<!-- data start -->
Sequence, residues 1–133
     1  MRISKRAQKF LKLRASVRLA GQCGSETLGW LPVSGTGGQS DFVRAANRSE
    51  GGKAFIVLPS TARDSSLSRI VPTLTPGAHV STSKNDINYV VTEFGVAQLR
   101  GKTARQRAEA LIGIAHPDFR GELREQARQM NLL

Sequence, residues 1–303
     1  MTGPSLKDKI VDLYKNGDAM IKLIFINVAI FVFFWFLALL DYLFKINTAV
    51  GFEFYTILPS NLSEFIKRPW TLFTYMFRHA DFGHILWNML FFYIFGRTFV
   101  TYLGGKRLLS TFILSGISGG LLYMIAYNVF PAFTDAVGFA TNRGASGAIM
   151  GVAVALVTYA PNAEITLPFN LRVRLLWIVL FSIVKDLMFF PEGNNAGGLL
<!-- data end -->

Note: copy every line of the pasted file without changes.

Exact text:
Sequence, residues 1–133
     1  MRISKRAQKF LKLRASVRLA GQCGSETLGW LPVSGTGGQS DFVRAANRSE
    51  GGKAFIVLPS TARDSSLSRI VPTLTPGAHV STSKNDINYV VTEFGVAQLR
   101  GKTARQRAEA LIGIAHPDFR GELREQARQM NLL

Sequence, residues 1–303
     1  MTGPSLKDKI VDLYKNGDAM IKLIFINVAI FVFFWFLALL DYLFKINTAV
    51  GFEFYTILPS NLSEFIKRPW TLFTYMFRHA DFGHILWNML FFYIFGRTFV
   101  TYLGGKRLLS TFILSGISGG LLYMIAYNVF PAFTDAVGFA TNRGASGAIM
   151  GVAVALVTYA PNAEITLPFN LRVRLLWIVL FSIVKDLMFF PEGNNAGGLL